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brilliant, than was Robert Lowe. His diction,
without being exceptionally choice, was pure and
precise, and his manner had a dignity and weight
which seemed to compel your attention even
when the matter was uninteresting. A voice
naturally neither strong nor musical, and some-
times apt to sound hollow (for the chest was weak),
was managed with great skill ; action and gesture
were used sparingly but effectively, and the tall
well-built figure and strongly-marked, somewhat
Roman features, with their haughty and distant
air, deepened the impression of power, courage,
and resolution which was characteristic of the
whole man.

The qualities of oratory I have described

Lord Chancellor Cairns 189

may seem better fitted to a comparatively sober
and sedate assembly like the House of Lords
than to a changeful and excitable assembly
like the House of Commons. Yet, in point of
fact, Cairns spoke better in the Commons than he
did afterwards in the Lords, and would have left
an even higher oratorical reputation had his
career in the popular House been longer and his
displays more numerous. The reason seems to be
that the heat of that House warmed his somewhat
chilly temperament, and roused him to a more
energetic and ardent style of speaking than was
needed in the Upper Chamber, where he and
his friends, commanding a large majority, had
things all their own way. In the House of
Commons he confronted a crowd of zealous
adversaries, and put forth all the forces of his
logic and rhetoric to overcome them. In the more
languid House of Lords he was apt to be didactic,
sometimes even prolix. He overproved his own
case without feeling the need, which he would have
felt in the Commons, of overthrowing the case of
the other side ; his manner wanted animation and
his matter variety. Still, he was a great speaker,
greater as a speaker upon legal topics, where a
power of exact statement and lucid exposition is
required, than any one he left behind him.

Why, it may be asked, with these gifts, and
with so much firmness and energy of character,
did he not play an even more conspicuous part

190 Biographical Studies

in politics, and succeed, after Lord Beaconsfield's
death, to the chieftaincy of the Tory party ?
The answer is to be found partly in the prejudice
which still survives in England against legal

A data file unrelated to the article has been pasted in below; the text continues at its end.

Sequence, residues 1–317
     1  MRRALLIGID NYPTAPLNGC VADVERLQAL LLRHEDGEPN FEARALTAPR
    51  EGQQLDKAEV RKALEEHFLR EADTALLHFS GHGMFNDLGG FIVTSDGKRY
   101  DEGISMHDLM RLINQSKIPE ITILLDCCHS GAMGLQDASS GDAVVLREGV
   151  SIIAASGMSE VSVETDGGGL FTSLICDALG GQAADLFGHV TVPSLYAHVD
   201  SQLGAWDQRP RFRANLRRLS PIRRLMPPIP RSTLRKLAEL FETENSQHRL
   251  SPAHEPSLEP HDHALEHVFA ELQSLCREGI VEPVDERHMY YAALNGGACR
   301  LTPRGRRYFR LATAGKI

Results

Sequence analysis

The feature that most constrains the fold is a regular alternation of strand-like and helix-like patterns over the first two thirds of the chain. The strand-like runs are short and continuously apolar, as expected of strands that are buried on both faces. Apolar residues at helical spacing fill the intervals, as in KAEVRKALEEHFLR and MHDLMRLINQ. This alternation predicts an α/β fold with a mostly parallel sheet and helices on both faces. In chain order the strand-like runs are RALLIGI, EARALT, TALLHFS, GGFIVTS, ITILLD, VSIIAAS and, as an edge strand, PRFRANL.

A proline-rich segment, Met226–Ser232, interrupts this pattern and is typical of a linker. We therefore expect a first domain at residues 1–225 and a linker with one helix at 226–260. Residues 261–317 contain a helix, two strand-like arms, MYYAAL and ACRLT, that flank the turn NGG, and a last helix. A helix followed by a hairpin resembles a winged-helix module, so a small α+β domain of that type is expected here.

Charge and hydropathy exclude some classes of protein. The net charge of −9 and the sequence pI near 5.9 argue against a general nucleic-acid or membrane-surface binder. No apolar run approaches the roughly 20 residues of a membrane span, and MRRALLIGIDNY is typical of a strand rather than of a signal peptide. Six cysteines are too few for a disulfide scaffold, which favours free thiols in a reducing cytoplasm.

politicians, partly in certain defects of his own
personality. Although sincerely pious, and ex-
emplary in all the relations of domestic life, he
was ungenial and unbending in social intercourse.
Few equally eminent men of our time have had so
narrow a circle of personal friends. There was a
dryness, a coldness, and an appearance of reserve
and hauteur about his manner which repelled
strangers, and kept acquaintanceship from ripening
into friendship. To succeed as a political leader, a
man must usually (I do not say invariably, because
there are a few remarkable instances Mr. Parnell's
would appear to be one of them to the contrary)
at least seem sympathetic ; must be able to enter
into the feelings of his followers, and show him-
self interested in them not merely as party
followers, but as human beings. There must be
a certain glow, a certain effluence of feeling about
him, which makes them care for him and rally
to him as a personality. Whether Lord Cairns
wanted warmth of heart, or whether it was that an
inner warmth failed to pierce the cloak of reserve
and pride which he habitually wore, I do not
attempt to determine. But the defect told heavily
against him. He never became a familiar figure
to the mass of his party, a person whose features

Lord Chancellor Cairns 191

they knew, at whose name they would cheer ;
and nowadays all leaders, to whatever party they
belong, find a source of strength in winning this
kind of popularity. The quality which Ameri-
cans call magnetism is perhaps less essential
in England than in the country which distin-
guished and named it ; but it is helpful even
in England. Cairns, though an Irishman, was
wholly without it.

In the field of law, where passion has no
place, and even imagination must be content
to move with clipped wings along the ground,
the merits of Lord Cairns's intellect showed
to the best advantage. At the Chancery bar he
was one of a trio who had not been surpassed, if
ever equalled, during the nineteenth century, and
whom none of our now practising advocates rivals.
The other two were Mr., afterwards Lord Justice,
Rolt, and Mr. Roundell Palmer, afterwards Lord
Chancellor Selborne. All were admirable lawyers,
but, of the three, Rolt excelled in his spirited pre-
sentation of a case and in the lively vigour of his
arguments. Palmer was conspicuous for exhaust-
less ingenuity, and for a subtlety which sometimes
led him away into reasonings too fine for the
court to follow. Cairns was broad, massive,
convincing, with a robust urgency of logic which
seemed to grasp and fix you, so that while he
spoke you could fancy no conclusion possible save
that toward which he moved. His habit was to

192 Biographical Studies

seize upon what he deemed the central and vital
point of the case, throwing the whole force of
his argument upon that one point, and holding
the judge's mind fast to it.

All these famous men were raised to the judicial
bench. Rolt remained there for a few months
only, so his time was too short to permit him to
enrich our jurisprudence and leave a memory of
himself in the Reports. Palmer sat in the House
of Lords from his accession to the Chancellorship
in 1872 till his death in 1896, and, while fully
sustaining his reputation as a man of eminent
legal capacity, was, on the whole, less brilliant as a
judge than he had been as an advocate, because a
tendency to over-refinement is more dangerous
in the judicial than in the forensic mind. He
made an admirable Chancellor, and showed him-
self more industrious and more zealous for law
reform than did Cairns. But Cairns was the
greater judge, and became to the generation
which argued before him a model of judicial ex-
cellence. In hearing a cause he was singularly
patient, rarely interrupting counsel, and then only